A Week Later, Residents Without Power Get Creative
Some residents still without power a week after Irene.
In the last remaining area of Millburn Township without power, residents in the Fairfield neighborhood in Short Hills are getting creative.
Since one side the street has power and the other side does not, several residents have run hundreds of feet of extension cords across the street to plug in and get what little power they can.
At the Barach home, after 30 hours without power, they were able to plug their refrigerator up to the outlet of their neighbor’s house across the street, hoping not to lose all of the food in it.
“Our neighbors are in Florida and they called and asked us how we were doing and if we’d eaten or taken a shower,” said Laraine Barach, who has repeatedly called JCP& to no avail since losing power a week ago. “God bless our neighbors for letting us run the tap in to their power.”
It’s been a long week and nerves are getting frayed, she said.
“We fight over stupid things are very irritable,” she said. “We are camping out, used the grill to cook (by daylight only)…. A few times neighbors shared food with us because they had power. Our neighbors have been helpful. We wish we could help our friends, but we have no way.”
Because they have an extension cord running into their home, they can only leave the house one at a time, otherwise it could not be secured, she said.
None of the other appliances are usable, and like others in the same situation, the Barachs have found themselves making lots of runs to the store for batteries and non-perishables.
They found their old pushbutton phone that doesn’t require electricity and plugged it directly into the phone line. They have been charging their cell phones in their cars and charging her iPad, so they could get information online, at various neighbors’ house. They’ve been constantly changing the ‘D’ batteries out of their vintage 1980s transistor radio to keep up with the news.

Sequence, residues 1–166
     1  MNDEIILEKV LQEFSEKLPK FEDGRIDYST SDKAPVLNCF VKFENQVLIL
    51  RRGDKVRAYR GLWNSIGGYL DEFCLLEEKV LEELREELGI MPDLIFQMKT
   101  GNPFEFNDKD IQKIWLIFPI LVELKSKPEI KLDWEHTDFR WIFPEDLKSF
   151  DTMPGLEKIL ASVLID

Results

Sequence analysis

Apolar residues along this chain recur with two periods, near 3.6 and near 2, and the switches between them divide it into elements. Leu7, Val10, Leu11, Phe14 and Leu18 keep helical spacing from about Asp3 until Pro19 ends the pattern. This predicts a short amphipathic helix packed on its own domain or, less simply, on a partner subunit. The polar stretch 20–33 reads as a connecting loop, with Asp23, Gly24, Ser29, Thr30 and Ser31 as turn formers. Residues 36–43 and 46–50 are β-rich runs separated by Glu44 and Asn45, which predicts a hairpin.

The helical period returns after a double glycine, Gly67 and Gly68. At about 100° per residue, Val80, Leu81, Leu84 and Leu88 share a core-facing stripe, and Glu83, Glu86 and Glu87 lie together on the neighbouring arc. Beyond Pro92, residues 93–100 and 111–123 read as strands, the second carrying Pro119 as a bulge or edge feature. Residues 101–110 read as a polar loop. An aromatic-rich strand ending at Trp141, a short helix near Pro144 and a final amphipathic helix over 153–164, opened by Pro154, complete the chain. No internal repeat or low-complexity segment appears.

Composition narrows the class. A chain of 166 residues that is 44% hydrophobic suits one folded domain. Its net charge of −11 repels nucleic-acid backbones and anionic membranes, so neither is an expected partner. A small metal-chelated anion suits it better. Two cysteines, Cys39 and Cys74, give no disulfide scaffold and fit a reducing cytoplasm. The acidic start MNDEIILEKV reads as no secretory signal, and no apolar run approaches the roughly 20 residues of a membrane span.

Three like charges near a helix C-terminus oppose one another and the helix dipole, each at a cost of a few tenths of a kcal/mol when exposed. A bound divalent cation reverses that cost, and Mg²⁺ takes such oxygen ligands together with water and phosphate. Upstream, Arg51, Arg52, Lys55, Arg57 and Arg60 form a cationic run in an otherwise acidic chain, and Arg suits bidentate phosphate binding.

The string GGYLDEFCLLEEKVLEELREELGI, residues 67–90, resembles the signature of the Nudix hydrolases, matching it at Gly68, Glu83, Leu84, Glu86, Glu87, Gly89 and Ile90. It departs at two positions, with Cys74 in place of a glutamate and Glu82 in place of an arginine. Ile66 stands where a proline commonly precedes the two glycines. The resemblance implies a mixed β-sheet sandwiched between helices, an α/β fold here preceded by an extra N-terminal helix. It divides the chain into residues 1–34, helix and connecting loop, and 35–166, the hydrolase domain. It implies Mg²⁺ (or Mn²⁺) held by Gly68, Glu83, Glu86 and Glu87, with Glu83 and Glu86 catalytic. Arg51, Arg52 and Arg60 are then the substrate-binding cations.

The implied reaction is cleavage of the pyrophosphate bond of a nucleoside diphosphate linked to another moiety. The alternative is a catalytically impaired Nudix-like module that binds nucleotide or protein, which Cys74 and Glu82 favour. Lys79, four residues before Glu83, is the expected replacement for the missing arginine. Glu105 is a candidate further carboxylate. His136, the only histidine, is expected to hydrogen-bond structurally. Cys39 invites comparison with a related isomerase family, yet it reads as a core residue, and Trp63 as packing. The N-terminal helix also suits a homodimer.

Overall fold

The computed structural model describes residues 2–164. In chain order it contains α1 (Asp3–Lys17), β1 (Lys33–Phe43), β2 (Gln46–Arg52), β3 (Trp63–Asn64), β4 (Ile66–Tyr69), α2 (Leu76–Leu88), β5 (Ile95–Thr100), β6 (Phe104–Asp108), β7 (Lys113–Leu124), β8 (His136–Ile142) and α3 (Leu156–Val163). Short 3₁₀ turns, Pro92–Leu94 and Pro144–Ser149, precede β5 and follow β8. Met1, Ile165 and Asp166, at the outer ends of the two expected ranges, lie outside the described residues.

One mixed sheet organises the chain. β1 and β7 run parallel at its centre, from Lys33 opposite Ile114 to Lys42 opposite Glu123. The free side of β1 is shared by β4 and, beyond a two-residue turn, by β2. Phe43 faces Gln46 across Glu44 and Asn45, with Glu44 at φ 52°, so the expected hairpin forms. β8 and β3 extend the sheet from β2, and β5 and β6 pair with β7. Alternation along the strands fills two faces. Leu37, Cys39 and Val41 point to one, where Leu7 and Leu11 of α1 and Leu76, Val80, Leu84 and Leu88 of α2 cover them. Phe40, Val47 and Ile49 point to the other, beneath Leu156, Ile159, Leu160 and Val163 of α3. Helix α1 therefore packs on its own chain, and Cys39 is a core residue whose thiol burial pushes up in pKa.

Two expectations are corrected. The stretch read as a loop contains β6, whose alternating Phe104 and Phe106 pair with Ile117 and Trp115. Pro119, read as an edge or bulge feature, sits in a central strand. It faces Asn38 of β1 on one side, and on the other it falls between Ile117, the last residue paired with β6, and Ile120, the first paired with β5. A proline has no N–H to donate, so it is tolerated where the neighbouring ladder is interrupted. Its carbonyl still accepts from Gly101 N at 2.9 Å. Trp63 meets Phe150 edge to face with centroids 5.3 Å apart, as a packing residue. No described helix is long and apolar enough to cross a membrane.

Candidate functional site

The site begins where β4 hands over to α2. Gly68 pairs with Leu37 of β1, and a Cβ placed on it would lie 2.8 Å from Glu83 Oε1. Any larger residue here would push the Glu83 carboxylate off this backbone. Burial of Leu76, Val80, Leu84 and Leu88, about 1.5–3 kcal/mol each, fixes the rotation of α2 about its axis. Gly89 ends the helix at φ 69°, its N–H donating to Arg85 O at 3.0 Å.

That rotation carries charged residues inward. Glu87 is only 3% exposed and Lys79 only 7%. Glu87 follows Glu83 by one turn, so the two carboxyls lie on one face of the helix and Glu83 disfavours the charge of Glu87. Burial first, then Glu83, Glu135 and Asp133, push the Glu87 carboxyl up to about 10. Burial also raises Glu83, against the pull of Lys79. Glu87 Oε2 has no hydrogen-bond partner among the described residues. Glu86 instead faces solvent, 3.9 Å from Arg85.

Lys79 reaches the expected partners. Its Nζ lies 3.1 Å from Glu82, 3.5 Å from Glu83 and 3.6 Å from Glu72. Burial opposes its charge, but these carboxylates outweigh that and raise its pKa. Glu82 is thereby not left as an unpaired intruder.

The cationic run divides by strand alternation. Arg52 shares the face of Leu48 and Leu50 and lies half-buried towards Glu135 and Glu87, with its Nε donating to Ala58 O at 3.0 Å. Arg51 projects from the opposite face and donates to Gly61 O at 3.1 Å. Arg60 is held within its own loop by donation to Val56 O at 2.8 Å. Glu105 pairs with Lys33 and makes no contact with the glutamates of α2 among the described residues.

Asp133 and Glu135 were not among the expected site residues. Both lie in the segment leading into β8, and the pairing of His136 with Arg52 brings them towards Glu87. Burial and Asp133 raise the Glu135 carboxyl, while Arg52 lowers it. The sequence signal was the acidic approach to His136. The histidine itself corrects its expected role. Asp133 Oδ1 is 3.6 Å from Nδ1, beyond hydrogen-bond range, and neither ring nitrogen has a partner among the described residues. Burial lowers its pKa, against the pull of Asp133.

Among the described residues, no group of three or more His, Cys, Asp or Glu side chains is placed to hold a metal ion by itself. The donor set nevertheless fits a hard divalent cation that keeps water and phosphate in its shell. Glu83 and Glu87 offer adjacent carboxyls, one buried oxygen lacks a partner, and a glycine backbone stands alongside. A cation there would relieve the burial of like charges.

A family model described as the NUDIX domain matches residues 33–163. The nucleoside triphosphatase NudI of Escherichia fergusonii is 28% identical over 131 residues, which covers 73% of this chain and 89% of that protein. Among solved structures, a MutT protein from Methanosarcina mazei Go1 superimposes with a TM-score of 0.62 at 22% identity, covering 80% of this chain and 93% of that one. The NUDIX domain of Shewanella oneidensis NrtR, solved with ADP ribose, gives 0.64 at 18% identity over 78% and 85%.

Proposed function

If they didn’t have pets in the house, they might have considered staying at a hotel.
“We are getting better at this after a week,” Laraine said. “But last week it was Swiss Family Robinson, Short Hills style.”
This is not the first time the area of Fairfield has lost power, she said.
“We lost power before Memorial Day, too, and at that time, our downstairs freezer was a total loss,” she said.
“I have personally spoken to someone in Ohio who kept telling me it was a (different one) that was down,” Laraine Barach said. “They didn’t even know about us.”
A 100-foot-tall tree fell on the wires in a backyard. The tree has been cut away and is gone now, but the wires are left hanging low and the yard is cordoned off with caution tape.
“If you didn’t know what you were looking for, you’d never find it,” said Barach’s husband, Steven. “Two guys from Texas came by yesterday and said that it would be a day or two, that it was complicated.”
She said a few years ago there was a fire on the power pole in the woods behind their house and the power company fixed it at the time but did not replace it and did not come back for service since.
“We hired someone to cut back the trees from the lines last year,” she said. “We haven’t seen them out here. They have neglected this area.”
When the Barachs saw dozens of JCP&L trucks at the Livingston Mall on Saturday, they were unnerved because there was still no one working on their downed wires and they were still running an extension cord across the street.
“Why aren’t they out here helping us?” Laraine Barach said.
The police and Mayor Sandy Haimoff, on the other hand, have been trying to intervene with the power company but it is still slow going.
“The police and the mayor have been great through all this,” she said.